Three reasons why the US dollar isn’t king

Thought of the day

by Chief Investment Office 16 Mar 2018

President Trump’s newly appointed chief economic adviser Larry Kudlow has wasted no time in giving his opinions on the US dollar. Kudlow would like to see the US currency a “wee bit stronger” and said “I would buy King dollar.”

His comments helped stabilize the USD this week, which is up 0.5% versus the euro over the past three sessions. But we see reasons why Kudlow could become a disappointed dollar bull:

  • The US current account deficit and growing fiscal deficit will need financing. Fiscally stimulating an economy at full employment is likely to suck in imports, widening the trade deficit and exacerbating the problem. The need to attract capital is one reason why yields have risen and could also require a cheaper dollar.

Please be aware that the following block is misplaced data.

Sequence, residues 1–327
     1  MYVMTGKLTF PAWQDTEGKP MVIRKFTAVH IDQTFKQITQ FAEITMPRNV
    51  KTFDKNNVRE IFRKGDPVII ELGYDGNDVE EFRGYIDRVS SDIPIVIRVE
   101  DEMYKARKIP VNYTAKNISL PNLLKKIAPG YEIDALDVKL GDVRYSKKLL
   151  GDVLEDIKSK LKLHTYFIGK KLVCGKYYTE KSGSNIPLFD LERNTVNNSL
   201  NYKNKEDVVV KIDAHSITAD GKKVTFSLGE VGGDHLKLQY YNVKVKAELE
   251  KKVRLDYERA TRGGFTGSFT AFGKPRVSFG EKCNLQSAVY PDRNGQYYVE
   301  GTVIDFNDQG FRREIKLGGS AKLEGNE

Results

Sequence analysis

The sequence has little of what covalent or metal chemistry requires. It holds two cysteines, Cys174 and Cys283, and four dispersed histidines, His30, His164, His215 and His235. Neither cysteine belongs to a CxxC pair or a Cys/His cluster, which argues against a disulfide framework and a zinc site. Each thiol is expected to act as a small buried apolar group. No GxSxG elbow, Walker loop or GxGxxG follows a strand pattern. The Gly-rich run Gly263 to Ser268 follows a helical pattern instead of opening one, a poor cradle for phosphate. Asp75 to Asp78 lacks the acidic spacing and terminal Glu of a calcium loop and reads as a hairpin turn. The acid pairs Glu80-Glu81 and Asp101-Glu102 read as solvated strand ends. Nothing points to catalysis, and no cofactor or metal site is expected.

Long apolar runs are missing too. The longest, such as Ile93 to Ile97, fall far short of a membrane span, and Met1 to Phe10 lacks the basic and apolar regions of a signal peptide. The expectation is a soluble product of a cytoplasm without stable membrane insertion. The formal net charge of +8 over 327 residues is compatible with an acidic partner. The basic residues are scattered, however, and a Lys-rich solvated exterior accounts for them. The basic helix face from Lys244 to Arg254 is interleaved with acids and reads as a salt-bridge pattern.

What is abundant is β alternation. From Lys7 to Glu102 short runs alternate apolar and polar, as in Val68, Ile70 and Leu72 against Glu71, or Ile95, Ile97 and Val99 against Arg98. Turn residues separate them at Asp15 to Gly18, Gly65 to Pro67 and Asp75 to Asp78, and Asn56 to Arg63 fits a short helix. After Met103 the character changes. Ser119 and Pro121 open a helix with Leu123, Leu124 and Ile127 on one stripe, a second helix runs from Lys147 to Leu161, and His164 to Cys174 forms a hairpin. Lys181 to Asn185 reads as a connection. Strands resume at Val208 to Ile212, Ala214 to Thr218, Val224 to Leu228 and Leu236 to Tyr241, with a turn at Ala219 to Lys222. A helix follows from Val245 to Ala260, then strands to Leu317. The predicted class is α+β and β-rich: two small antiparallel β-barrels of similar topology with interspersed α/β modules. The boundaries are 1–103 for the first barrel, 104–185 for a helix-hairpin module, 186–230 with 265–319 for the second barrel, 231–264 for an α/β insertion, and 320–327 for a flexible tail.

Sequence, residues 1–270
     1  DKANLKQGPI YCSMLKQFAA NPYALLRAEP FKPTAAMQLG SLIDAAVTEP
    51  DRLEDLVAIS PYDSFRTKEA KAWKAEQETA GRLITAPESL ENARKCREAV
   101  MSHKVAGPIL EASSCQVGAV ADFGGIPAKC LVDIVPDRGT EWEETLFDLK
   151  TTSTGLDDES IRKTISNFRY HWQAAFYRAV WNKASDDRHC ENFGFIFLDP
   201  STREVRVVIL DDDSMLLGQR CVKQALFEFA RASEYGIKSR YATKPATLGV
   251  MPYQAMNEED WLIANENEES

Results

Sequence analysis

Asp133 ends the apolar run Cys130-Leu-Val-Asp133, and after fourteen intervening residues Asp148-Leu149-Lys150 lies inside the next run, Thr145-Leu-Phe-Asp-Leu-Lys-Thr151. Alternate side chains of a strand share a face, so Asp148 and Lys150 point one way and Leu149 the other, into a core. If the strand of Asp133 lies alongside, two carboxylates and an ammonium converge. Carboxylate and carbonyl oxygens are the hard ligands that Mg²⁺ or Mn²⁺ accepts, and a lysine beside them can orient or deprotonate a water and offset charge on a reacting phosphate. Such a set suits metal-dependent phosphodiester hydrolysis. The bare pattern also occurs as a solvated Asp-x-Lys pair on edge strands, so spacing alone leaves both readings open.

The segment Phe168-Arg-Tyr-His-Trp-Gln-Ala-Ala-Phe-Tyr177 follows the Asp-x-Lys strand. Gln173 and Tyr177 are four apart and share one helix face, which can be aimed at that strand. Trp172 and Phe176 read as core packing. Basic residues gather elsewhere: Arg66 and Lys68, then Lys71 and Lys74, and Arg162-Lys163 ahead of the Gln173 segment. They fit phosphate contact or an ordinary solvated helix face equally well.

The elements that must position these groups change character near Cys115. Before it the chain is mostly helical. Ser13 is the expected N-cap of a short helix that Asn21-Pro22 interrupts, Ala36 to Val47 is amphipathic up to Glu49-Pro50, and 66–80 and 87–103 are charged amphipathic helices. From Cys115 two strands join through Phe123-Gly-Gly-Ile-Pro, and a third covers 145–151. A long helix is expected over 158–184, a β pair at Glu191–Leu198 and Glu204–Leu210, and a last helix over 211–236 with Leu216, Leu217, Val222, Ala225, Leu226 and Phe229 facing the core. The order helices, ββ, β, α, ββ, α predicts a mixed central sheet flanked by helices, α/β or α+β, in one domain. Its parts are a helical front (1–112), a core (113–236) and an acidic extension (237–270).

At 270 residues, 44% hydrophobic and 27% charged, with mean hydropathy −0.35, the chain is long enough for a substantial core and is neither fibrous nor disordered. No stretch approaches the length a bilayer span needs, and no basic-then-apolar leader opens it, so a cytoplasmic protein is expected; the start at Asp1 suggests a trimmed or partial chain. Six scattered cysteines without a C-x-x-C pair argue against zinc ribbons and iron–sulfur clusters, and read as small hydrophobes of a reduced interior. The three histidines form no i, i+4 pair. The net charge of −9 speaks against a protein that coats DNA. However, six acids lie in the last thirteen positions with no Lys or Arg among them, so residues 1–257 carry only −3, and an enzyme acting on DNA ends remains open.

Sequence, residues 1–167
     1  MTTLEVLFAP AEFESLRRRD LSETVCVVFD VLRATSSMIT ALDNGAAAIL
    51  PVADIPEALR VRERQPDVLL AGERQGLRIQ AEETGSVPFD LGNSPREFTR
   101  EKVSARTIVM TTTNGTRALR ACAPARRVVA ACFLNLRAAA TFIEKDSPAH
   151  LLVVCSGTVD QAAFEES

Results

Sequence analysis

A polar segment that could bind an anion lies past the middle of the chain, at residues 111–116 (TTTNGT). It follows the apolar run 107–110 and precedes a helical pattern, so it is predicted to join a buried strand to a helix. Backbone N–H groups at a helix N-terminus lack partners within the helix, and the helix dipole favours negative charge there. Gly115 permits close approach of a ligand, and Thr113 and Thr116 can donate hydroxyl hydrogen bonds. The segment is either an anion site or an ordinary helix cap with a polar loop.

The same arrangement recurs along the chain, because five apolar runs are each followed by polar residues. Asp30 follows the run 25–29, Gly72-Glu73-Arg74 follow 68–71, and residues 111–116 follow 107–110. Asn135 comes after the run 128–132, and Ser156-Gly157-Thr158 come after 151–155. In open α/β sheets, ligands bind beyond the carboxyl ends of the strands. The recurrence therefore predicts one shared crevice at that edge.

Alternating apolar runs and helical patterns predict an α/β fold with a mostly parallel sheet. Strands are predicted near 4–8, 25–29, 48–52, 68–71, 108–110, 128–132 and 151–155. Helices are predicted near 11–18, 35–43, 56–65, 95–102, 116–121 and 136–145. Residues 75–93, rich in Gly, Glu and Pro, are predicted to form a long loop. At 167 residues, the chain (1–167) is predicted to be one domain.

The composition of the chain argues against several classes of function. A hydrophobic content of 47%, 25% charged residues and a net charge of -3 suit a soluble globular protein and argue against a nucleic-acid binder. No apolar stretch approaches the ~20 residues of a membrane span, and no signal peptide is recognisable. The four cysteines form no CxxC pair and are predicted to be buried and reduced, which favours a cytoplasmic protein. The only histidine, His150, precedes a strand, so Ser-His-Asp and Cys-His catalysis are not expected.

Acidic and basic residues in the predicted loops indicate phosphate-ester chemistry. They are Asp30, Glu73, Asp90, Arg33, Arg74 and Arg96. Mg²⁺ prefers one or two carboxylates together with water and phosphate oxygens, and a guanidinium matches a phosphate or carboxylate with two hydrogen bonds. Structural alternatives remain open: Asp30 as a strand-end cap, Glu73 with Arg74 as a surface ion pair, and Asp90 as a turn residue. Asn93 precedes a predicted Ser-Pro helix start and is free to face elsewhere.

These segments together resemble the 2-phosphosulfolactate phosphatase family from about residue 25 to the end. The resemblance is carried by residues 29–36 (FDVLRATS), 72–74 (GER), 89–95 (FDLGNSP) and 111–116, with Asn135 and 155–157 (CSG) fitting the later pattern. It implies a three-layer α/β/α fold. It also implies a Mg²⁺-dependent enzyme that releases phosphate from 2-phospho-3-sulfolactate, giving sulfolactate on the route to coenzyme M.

• On the capital account, because of persistent current account deficits, US external indebtedness is rising rapidly. US net liabilities are now more than 40% of GDP, a record. To help stabilize the position, we estimate a 6–10% (broad) USD depreciation is needed over the medium term.
  • The strength in the global economy favors the currencies of exporting regions, such as the Eurozone, and our base case is that trade tensions will not escalate to significantly disrupt global trade flows. The forthcoming end to the ECB's QE program further supports the euro.

So we expect verbal support for the USD will prove short-lived. We expect the USD to weaken further and forecast EURUSD will reach 1.25 over three months, 1.28 over six months, and 1.30 over 12 months. The risks to our view are a sudden rise in US inflation, which could prompt faster rate hikes, and/or a sudden slowdown in global growth.

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